Samhain Publishing, $5.50, ISBN 978-1-60504-009-7
Paranormal Romance, 2008
Jamie Craig’s A Hidden Beauty is really lacking in details when it comes to the setting. I have no idea when this story is set in. The mention of the hero Micah Yardley using a coach to travel from Boston to the sleepy village of Wroxham early on has me guessing that this is a historical romance. The way the characters speak and the general feel of the story leave me with little doubt of that, but I have no idea when this story takes place. Late 19th century? Early 20th century? I have no idea.
Having said that, this one would have been a much more enjoyable story if it has ended 50 or so pages earlier, at that part where Micah returns to Wroxham to the angst-ridden poet Jefferson Dering. The story is simple: Micah travels to Wroxham to meet Jefferson, his idol, and to his delight, Jefferson actually agrees to look over some over Micah’s own scribbling. An attraction that could very well turn into a more intimate relationship develops between the two men, but Jefferson is still unable to move on from his blues about a boy in his past that led to his current exile from Boston.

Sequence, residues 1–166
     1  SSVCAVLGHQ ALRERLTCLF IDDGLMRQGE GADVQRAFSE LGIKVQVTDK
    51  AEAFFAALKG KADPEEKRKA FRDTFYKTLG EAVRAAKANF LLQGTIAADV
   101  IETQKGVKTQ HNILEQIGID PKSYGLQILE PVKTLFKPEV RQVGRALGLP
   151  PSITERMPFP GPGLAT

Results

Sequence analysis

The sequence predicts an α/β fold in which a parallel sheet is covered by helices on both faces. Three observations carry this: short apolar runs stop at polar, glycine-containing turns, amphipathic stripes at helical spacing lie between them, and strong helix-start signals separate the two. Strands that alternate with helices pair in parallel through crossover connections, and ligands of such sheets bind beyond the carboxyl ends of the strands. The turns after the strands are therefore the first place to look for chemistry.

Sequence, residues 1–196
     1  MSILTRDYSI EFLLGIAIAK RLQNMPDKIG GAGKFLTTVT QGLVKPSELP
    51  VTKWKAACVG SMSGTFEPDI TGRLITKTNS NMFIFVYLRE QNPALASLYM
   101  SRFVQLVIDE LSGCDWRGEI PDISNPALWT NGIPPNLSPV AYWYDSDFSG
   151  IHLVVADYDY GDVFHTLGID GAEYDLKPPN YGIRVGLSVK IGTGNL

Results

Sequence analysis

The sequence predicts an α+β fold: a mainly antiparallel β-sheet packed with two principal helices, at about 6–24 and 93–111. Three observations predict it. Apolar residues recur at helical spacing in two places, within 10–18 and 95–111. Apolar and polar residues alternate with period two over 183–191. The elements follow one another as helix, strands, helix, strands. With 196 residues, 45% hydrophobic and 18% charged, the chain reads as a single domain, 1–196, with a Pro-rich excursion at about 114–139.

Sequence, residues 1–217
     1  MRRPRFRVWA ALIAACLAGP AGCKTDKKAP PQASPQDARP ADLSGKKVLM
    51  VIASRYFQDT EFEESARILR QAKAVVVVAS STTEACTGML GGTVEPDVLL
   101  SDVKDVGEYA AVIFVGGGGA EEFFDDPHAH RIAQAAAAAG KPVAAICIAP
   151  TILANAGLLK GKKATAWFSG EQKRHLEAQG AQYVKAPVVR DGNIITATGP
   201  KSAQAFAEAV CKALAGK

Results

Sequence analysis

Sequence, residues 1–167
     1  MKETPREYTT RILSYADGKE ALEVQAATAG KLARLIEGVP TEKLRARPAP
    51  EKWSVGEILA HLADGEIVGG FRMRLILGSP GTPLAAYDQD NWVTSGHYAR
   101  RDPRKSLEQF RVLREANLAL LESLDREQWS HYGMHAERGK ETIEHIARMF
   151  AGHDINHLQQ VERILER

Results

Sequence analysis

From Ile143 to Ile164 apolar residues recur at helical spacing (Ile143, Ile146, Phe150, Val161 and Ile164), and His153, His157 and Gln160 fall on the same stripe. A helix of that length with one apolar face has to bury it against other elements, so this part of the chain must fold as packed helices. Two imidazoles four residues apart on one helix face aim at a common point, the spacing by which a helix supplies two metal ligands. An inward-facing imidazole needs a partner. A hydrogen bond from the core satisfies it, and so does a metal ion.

Micah is bland and rather uninteresting as a pretty earnest fellow who worships every word that Jefferson puts on paper. He has some family issues especially when it comes to figuring out who he is as a person and how to step out of his father’s shadow, but he’s still a rather bland if nice fellow. On the other, Jefferson has that nice tortured artist vibe about him that is most attractive. He doesn’t overdo his whining or self-pity, in fact, he’s an adorable woobie who is hurt and in need of some TLC.
The scene where Micah returns to Jefferson is very nicely done and if the story ends there and then, it would have gone out on a romantic high note. But no, it has to go on and on involving some drama about a haunted church – yes, you’ve read that right – and I have to scratch my head and say, “Wait a minute – rewind, rewind!”
Until that bizarre turn when the story decides to move from the author’s personal Maurice to a The Amityville Horror wannabe, A Hidden Beauty is a simple but romantic gay story. I really wish the story has ended where I feel it should have ended, because the last few dozens of pages really diluted the effect of the reconciliation where I am concerned.
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